A couple months ago a friend left me a pair of Apple ProSpeakers, those little softball-sized clear plastic globe kinds The catch is, the speaker plug doesn't fit into the iBook's speaker plug. spaceroo believes there's an adaptor I need to plug it in, and since I don't know where the one which presumably came with the speakers might be, I went to an Apple reseller in Funan to buy one. After getting past the thick cluster of people -- a bank set up a deal where signing up for some financial services gets one an iBook, and there were a lot of people milling around picking up their computers and looking for accessories -- I found a clerk. I started to say, ``I got, from a friend, a pair of ProSpeakers --''
He said, ``And you have an older iBook or PowerBook you want to connect them to? You need an adaptor ... '' and he dashed off from behind the counter to find it. I suppose I'm not the first to have this problem. A woman took his place behind the sales counter, and after he spent a few minutes looking he came around to the front of the counter, and asked the woman who'd taken his place where to find it. Somehow that dance entertains me.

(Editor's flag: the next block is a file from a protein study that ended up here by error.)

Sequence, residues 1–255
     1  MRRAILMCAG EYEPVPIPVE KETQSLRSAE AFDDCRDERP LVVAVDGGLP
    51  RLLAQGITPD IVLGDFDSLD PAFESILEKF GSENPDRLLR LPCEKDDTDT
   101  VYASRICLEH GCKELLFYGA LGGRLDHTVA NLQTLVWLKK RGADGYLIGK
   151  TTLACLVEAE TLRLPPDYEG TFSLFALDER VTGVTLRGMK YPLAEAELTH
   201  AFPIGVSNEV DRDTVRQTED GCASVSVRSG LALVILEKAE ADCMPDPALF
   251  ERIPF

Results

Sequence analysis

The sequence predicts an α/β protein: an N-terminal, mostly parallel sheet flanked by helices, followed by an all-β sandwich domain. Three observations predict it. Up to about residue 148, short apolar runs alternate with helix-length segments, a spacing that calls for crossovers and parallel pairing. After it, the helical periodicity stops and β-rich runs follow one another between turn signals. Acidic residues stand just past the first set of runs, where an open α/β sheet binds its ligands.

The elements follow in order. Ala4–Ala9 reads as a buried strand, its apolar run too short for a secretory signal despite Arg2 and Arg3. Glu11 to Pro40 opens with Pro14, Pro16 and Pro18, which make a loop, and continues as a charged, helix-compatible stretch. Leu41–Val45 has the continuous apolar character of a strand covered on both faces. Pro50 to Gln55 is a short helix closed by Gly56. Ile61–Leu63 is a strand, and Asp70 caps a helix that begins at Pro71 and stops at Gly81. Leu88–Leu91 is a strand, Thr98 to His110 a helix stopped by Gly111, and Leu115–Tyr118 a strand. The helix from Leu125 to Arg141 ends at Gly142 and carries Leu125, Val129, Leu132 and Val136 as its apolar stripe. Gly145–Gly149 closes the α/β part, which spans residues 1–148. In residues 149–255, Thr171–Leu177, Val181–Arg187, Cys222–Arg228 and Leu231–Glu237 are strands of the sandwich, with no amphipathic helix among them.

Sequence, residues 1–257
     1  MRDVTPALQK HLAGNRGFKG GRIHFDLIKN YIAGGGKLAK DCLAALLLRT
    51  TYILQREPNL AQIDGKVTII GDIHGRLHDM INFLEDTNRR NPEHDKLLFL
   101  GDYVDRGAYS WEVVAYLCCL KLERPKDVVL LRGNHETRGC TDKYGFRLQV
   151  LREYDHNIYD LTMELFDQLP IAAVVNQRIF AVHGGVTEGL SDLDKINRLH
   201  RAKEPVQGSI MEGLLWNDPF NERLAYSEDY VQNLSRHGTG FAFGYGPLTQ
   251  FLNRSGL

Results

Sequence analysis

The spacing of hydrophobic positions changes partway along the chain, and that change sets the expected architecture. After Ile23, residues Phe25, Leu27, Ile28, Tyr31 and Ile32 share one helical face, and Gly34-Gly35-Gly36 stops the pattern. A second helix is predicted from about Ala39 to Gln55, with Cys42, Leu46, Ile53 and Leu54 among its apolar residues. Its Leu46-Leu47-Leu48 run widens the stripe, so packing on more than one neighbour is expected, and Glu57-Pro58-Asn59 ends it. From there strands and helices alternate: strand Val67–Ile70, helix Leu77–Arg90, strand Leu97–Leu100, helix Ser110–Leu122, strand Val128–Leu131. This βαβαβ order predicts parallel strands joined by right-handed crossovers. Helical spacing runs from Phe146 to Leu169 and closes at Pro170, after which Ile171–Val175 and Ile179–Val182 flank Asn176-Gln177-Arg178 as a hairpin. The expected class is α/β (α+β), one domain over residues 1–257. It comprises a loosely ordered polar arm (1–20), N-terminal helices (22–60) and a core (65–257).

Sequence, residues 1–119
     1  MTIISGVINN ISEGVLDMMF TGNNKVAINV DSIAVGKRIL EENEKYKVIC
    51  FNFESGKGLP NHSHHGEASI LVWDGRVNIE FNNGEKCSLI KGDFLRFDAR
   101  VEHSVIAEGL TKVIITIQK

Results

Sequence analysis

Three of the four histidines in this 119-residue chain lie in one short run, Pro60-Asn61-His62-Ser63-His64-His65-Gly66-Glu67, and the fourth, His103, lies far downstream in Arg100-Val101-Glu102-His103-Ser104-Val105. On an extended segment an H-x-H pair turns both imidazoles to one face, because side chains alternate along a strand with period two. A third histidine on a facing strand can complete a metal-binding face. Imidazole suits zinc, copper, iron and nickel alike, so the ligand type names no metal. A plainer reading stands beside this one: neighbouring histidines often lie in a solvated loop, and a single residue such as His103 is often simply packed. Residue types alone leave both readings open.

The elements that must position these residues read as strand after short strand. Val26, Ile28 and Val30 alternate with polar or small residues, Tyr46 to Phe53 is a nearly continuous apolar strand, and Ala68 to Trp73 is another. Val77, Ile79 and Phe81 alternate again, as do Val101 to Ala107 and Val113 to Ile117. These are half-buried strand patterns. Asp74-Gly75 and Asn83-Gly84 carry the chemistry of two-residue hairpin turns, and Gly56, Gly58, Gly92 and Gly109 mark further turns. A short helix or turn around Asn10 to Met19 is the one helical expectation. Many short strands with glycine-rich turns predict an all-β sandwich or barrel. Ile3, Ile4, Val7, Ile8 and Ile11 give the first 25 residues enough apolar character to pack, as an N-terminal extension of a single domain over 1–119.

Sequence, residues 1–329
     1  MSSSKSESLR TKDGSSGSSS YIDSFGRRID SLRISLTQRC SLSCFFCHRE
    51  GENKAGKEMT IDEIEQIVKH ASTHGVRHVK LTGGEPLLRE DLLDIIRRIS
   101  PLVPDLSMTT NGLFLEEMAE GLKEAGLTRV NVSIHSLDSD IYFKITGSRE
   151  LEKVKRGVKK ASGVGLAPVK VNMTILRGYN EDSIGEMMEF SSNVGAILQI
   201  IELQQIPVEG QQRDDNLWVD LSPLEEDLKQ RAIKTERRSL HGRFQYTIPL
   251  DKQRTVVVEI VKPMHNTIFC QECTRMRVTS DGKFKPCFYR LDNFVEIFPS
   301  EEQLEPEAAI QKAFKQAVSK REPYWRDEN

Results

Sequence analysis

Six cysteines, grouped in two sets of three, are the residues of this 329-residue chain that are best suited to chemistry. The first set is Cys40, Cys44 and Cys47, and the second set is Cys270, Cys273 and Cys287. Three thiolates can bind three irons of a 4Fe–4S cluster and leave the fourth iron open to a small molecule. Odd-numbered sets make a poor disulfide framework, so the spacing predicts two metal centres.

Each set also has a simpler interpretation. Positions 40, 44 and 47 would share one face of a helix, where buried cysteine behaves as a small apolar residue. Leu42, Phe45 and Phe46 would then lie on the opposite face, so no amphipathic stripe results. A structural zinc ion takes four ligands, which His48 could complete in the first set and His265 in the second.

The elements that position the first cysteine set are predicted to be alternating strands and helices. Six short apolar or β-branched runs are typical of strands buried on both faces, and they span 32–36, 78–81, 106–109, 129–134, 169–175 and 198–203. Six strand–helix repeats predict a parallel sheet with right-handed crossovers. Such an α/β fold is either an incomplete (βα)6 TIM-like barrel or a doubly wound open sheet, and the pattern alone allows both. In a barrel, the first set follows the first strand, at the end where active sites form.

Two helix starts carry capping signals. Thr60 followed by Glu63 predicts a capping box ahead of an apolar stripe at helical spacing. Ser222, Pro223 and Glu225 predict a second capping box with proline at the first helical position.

They determined they were out of the adaptor I needed, and the adaptor was more expensive than I'm willing to pay. If you want to get more than about US$10 out of me for a piece of boring plastic, it has to be a lot of boring plastic. A thingy to go from a USB port to a speaker plug won't cut it. The first clerk noted all that was really needed was some re-wiring of the plugs and while they couldn't do it there, there were, surely, other places even in the mall where you could get the wires re-jiggered cheap. I wasn't expecting that sort of talk from a store clerk. I also think I'm going to re-search the apartment and office for the piece that's missing, which shows what a low level of tolerance I have for fiddling around with cables, or hiring other people to do it.
Thinking about the ThunderCats DVDs -- which I didn't buy, preferring instead the first season of Land of the Lost -- do you suppose Wil Wheaton thought Snarf was annoying? I liked Snarf, but then I also liked Wesley Crusher. Snarfer, though, everybody found annoying, so there's no sense wondering about him.
Trivia: When Frederick Henry Harvey (of ``Harvey Girls'' fame) died in 1901, he and the Santa Fe Railroad owned and operated 15 hotels, 47 restaurants, and 30 dining cars. Source: The Story of American Railroads, Stewart H Holbrook.
Currently Reading: The Second Trip, Robert Silverberg. 1972 and does it ever show; a synthetic personality replacing that of a mindwiped artistic genius criminal has boring sex until traces of the wiped mind re-emerge and the story spirals into internal dialogues. Alarmingly, I can think of someone I used to know who reminds me of the mindwiped genius/criminal.